The Messiah’s Authority over the Sabbath

Three events marked by controversy (two healings and picking of grain) manifest Christ’s authority over
the Sabbath.

Healing on the Sabbath (John 5:1-47). On the occasion of an unnamed Jewish feast (probably
Passover), Jesus made His way from Galilee to Jerusalem. In Galilee, the Pharisees veiled their
antagonism to Jesus. Now that Christ was in Jerusalem where His popularity would be nowhere as great,
the antagonism broke out into the open. The occasion for this antagonism was the Sabbath question.

The Sabbath was divinely instituted as a sign of the covenant between God and His people Israel (Exodus
31:13, 17). It observance marked Israel as a set-apart people. At the Pool of Bethesda by the Sheep Gate,
Jesus heals a man who had been thirty-eight years in his sickness. Jesus said to him, “Get up! Pick up
your mat and walk.” The Jews immediately began to question the healed man about the One who had
authorized him to violate their traditions of carry any burden on the Sabbath day.

The man did not know who Jesus was and could not identify Him. While he was in the Temple, Jesus
approached him and revealed Himself to him. The man left the Temple and became a public witness to
Christ. As a result, the Jews persecuted Jesus because He did these things on the Sabbath (John 5:16).
Christ’s defense in the face of the Jews’ accusation was “My Father is always at his work to this very day,
and I, too, am working” (5:17). Jesus claimed God to be His Father and this was blasphemy in the eyes
of the Jews. According to Mosaic Law, the penalty for both blasphemy and Sabbath violation was death
by stoning. And for this reason they tried all the harder to kill Him (5:18).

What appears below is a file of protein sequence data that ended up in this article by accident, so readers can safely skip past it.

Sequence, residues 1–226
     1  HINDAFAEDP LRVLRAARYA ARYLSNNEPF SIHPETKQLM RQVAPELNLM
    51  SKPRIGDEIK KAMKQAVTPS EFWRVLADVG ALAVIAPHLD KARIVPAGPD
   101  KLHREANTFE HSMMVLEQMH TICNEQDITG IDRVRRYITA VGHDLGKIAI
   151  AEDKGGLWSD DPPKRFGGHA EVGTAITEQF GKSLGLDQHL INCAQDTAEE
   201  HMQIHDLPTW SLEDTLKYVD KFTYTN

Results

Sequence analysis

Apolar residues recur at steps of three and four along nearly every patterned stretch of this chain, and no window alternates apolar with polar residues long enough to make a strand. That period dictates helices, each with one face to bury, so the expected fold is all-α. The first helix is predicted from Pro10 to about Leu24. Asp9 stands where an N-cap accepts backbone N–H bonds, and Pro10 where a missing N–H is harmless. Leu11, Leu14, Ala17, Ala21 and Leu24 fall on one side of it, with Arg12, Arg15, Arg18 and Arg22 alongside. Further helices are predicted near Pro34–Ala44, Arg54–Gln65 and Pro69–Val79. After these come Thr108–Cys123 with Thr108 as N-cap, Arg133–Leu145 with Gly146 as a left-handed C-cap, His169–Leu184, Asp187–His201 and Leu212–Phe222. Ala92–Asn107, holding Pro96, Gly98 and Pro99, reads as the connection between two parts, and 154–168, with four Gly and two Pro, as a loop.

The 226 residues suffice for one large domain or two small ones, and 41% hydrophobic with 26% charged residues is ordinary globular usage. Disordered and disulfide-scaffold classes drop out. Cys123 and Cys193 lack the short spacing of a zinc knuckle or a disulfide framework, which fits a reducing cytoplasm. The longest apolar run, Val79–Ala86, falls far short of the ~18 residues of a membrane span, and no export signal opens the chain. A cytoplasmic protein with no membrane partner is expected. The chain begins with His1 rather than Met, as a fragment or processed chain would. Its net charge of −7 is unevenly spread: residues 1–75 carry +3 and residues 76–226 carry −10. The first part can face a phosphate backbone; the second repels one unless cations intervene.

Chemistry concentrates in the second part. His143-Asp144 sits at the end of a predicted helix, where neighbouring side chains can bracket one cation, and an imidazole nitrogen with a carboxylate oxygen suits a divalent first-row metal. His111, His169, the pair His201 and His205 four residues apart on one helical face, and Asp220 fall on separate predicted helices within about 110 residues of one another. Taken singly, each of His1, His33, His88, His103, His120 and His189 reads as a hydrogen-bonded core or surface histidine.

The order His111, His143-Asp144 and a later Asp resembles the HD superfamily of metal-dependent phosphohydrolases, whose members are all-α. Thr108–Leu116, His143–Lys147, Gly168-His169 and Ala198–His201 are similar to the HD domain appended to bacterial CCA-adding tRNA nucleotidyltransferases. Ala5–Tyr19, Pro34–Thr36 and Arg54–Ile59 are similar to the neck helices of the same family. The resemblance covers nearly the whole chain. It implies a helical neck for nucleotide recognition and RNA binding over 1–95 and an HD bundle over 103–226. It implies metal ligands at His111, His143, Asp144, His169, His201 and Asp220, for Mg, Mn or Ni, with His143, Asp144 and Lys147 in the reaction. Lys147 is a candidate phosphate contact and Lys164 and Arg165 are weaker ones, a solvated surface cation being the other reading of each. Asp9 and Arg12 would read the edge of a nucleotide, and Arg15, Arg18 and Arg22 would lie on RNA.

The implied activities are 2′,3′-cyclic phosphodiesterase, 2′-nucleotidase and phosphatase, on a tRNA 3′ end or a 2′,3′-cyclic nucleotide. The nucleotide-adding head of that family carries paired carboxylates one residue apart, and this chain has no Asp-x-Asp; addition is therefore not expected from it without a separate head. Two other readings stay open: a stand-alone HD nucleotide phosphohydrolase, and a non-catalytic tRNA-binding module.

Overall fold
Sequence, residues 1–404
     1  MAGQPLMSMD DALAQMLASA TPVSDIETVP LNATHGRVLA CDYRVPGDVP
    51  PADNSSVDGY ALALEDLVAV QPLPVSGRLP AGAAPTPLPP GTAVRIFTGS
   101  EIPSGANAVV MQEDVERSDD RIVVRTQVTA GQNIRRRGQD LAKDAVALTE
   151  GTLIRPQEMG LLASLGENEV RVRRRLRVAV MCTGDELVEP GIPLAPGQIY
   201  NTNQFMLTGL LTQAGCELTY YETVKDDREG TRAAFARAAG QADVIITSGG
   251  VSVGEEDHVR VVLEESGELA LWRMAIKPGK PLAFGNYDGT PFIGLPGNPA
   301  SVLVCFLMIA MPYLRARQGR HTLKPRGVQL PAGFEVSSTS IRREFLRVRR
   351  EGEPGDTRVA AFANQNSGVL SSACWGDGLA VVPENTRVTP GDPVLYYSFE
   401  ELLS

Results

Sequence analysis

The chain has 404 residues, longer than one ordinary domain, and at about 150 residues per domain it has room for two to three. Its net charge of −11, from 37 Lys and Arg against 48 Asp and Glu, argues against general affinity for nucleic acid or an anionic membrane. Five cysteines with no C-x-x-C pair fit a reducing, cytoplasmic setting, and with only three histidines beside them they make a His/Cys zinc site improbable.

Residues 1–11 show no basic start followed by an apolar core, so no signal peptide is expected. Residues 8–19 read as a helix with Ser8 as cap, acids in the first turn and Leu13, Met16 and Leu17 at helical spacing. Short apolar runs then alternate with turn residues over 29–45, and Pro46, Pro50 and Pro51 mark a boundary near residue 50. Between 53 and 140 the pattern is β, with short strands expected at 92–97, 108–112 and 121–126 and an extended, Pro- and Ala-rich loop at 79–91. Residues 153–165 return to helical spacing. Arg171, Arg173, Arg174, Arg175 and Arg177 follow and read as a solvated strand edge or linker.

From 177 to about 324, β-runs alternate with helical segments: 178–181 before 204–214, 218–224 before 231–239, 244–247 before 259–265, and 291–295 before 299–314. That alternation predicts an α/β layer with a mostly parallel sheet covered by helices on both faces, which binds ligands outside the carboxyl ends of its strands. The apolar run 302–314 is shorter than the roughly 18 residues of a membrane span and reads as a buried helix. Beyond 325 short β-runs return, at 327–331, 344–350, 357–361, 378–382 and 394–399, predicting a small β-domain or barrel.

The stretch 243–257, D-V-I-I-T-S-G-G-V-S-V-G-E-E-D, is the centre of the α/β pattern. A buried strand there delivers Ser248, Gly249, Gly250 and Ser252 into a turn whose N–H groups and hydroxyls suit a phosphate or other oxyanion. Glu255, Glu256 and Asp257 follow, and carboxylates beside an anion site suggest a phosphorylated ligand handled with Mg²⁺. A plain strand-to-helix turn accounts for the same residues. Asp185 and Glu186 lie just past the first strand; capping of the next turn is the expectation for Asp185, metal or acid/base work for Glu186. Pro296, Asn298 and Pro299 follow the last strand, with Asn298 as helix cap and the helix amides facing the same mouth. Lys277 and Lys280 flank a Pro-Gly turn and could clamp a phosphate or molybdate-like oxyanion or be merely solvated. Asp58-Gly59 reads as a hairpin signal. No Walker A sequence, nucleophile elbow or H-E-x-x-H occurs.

The authority that had been given to Him was proof of His person (5:19). The Jews recognized that God
had the power to give life as Creator and the One who would give life to the righteous in the resurrection
(Isaiah 26:19-20; Daniel 12:2). Now Christ claimed that God the Father had given power to the Son to
raise men from the dead (John 5:21). Secondly, the Jews recognized that God the Father had the power to
judge all men. Christ claimed that this authority to judge had been conferred by the Father on the Son
(5:22). Thus the authority invested by the Father in the Son proved the equality of the Son with the
Father.

Christ affirmed that He would in due time exercise the authority that the Father had invested in Him. In
John 5:25, He said, “I tell you the truth, a time is coming and has now come when the dead will hear the
voice of the Son of God and those who hear will live.” In John 5:27, He said, “And he has given him
authority to judge because he is the Son of Man.” Here Christ claims to be “the Son of God” and “the
Son of Man.” The first title was less common on the lips of Jesus, but was used by the disciples.

Christ anticipated the objection of His opponents that He was bearing witness of Himself (5:31); so He
presented five other witnesses to His Person.

1. The witness of John the Baptizer (John 5:33-35).
2. The testimony of His works (5:36).
3. The witness of the Father (5:37-38).
4. The witness of the Scriptures (5:39).
5. The testimony of Moses (5:45-47).

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